Research for my upcoming biography of Rabbi Stephen Wise, who was a pillar of the Zionist movement and perhaps the most influential U.S. rabbi during World War II, has led me to several historical archives where I’ve spent hours opening large boxes of memos, telegrams, documents, photos, letters, and microfilms.
It’s frequently a tedious boring task — but not during my recent visit to the Franklin D. Roosevelt Presidential Library in Hyde Park, N.Y.
There were few tourists, no metal detectors and X-ray machines, no long lines of people waiting to view the simple grave of Franklin and Eleanor Roosevelt. But when I read and touched the archival material, an extraordinary emotion overcame me.
Despite the gorgeous summer weather and the tranquil surroundings of the Roosevelt estate, I was transported back to the turbulence of the 1930s and 1940s: the Great Depression, Nazism, World War II, and the Holocaust. My research centered on the problematic relationship between the rabbi and the president. Even though Wise met with FDR 13 times in the White House, there are no photos of any of those encounters.
I also gained insights into other leaders of that era. There was Chaim Weizmann’s personally signed letter — written in London in 1943 on tissue paper — addressed to Undersecretary of State Sumner Welles. Weizmann, who five years later would become Israel’s first president, provided the American diplomat with a detailed analysis of the Zionist enterprise during the war.
Other documents focused on the Allies’ options for destroying the Auschwitz death camp. Tragically, it never happened. Reading formerly “Secret” or “Confidential” documents was a sobering experience because unlike FDR, Wise, Welles, Weizmann and other leaders of the time, I knew, for better or worse, how it all turned out in the end.
Although much of the material was composed in a formal, even stilted English, the intense emotions of the time came alive: A monstrous global war was taking place, 12 million American men and women were in uniform, and in 1942, victory over the Axis powers was in doubt. The archives reveal the enormous hatred directed at FDR, a Hudson Valley patrician, from many Americans who considered him a “traitor” to his highborn socioeconomic class.
Wise and other Jewish leaders had three major goals: breaking America’s cruel quota system that prevented many Jewish refugees from entering the U.S.; saving Jews in Nazi-occupied lands; and establishing a “Jewish Commonwealth,” today’s State of Israel.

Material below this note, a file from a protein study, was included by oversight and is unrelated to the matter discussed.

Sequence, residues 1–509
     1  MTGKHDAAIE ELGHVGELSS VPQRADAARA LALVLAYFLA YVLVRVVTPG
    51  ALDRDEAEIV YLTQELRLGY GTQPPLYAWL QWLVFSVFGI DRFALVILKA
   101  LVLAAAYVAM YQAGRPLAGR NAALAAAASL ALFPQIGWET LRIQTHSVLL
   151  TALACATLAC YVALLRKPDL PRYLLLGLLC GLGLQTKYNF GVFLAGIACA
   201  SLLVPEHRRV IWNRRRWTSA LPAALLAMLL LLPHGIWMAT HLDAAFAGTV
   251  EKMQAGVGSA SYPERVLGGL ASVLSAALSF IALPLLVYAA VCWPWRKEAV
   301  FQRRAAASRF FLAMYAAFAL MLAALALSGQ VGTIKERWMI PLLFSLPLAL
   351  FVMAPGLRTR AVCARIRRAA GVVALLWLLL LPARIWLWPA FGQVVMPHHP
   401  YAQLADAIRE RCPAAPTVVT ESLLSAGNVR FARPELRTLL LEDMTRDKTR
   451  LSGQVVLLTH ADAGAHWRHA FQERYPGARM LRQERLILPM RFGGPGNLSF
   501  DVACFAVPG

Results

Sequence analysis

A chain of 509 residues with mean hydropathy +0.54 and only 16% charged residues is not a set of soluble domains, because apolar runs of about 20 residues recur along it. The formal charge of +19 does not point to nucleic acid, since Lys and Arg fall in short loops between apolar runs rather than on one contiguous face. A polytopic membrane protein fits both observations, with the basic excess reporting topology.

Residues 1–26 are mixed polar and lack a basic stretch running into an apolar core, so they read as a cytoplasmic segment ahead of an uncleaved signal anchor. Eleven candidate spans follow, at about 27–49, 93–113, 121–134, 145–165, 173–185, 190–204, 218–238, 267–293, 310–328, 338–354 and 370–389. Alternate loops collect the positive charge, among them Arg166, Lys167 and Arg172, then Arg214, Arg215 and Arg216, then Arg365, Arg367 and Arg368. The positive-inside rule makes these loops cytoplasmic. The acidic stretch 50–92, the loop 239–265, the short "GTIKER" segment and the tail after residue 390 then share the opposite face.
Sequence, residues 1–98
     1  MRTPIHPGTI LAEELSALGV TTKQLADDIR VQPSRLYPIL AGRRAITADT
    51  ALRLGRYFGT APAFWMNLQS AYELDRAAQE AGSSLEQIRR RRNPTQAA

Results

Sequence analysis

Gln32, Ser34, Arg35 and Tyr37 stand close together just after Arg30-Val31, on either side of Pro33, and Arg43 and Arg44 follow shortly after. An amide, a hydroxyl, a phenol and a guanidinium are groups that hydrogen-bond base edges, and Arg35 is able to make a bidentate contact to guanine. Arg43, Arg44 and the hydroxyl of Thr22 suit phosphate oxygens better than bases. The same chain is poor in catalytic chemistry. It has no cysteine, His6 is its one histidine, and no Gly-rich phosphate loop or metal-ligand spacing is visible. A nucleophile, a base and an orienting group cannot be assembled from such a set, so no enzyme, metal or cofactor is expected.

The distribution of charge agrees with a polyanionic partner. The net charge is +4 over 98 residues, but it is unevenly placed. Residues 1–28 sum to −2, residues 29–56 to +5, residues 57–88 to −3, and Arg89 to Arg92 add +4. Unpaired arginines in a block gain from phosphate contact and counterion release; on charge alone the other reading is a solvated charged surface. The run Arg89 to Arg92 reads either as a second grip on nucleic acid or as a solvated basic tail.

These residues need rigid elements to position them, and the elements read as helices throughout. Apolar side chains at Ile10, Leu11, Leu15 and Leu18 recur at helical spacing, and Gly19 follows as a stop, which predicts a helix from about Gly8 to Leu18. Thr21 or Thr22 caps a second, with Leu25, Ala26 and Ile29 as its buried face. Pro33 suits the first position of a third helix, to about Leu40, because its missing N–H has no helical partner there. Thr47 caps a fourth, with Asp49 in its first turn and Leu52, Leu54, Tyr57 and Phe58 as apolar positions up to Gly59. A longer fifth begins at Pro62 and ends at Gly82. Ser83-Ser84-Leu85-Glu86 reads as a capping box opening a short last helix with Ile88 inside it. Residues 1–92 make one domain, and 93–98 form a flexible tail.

It was painful to read the urgent appeals sent to a White House that was publicly friendly to Jewish concerns but often internally ambivalent. The State Department featured some anti-Semites in leadership positions. The War Refugee Board, created in 1944 at the insistence of Treasury Secretary Henry Morgenthau Jr., saved thousands of Jews late in the war, but director John Pehle was often blocked in his efforts to rescue more because of inaction, procrastination and hostility from key government authorities.
One document will always haunt me. “Psychological Warfare: Instructions for Jews in Nazi-occupied Territory” was prepared for distribution in various languages throughout Europe. Seventy years later, it remains gruesome reading:
“Those Jews who have been able to survive ... should take measures which will prevent them from being victims ... We know how difficult it is to make this work a reality ... do not wear the yellow badge ... do not register as Jews ... go into hiding with guerilla forces ... disguise yourselves ... do nothing which would direct the attention of Nazi authorities to your existence ... Pretend to be a Gentile or one of the foreign workers of whom there are millions in Nazi-occupied territories ...
“If you are in a critical situation ... try bribing a Nazi official ... Take full precautions before you speak freely to ... the Underground ... Be in contact with only two other persons, and that each of these persons should not know that you are working with the other ... save those who are least expendable, and also those who are in the greatest danger.”
After reading these frightening words, I had to rush outside into warm sunshine, gulp some fresh air and reassure myself it was really 2012, not 1943. Even so, I was shivering and crying. This time, it was good to come back to the future.
(Rabbi Rudin, the American Jewish Committee’s senior interreligious adviser, is the author of the recently published “Cushing, Spellman, O’Connor: The Surprising Story of How Three American Cardinals Transformed Catholic-Jewish Relations.”)
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